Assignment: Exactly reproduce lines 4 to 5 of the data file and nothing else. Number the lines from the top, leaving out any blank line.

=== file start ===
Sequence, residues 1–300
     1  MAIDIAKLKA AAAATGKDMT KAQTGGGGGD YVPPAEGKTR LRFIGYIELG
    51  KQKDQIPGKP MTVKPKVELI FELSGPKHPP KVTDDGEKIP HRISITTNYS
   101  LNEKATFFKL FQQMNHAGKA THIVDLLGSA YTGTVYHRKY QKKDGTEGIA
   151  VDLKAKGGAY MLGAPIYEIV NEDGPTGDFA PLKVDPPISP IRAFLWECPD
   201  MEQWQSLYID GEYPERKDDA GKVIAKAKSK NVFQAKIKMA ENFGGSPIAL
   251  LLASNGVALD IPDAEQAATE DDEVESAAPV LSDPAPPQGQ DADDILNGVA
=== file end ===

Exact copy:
   101  LNEKATFFKL FQQMNHAGKA THIVDLLGSA YTGTVYHRKY QKKDGTEGIA
   151  VDLKAKGGAY MLGAPIYEIV NEDGPTGDFA PLKVDPPISP IRAFLWECPD